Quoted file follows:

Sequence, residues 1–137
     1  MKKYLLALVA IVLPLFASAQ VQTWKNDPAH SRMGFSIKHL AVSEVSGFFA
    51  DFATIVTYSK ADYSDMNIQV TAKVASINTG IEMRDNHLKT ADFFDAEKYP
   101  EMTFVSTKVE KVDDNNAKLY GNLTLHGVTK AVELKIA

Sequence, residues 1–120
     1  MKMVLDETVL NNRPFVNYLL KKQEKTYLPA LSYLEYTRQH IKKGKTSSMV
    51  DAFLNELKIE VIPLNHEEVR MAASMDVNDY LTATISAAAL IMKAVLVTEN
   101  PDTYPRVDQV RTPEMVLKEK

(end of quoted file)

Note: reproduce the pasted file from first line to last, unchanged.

Sequence, residues 1–137
     1  MKKYLLALVA IVLPLFASAQ VQTWKNDPAH SRMGFSIKHL AVSEVSGFFA
    51  DFATIVTYSK ADYSDMNIQV TAKVASINTG IEMRDNHLKT ADFFDAEKYP
   101  EMTFVSTKVE KVDDNNAKLY GNLTLHGVTK AVELKIA

Sequence, residues 1–120
     1  MKMVLDETVL NNRPFVNYLL KKQEKTYLPA LSYLEYTRQH IKKGKTSSMV
    51  DAFLNELKIE VIPLNHEEVR MAASMDVNDY LTATISAAAL IMKAVLVTEN
   101  PDTYPRVDQV RTPEMVLKEK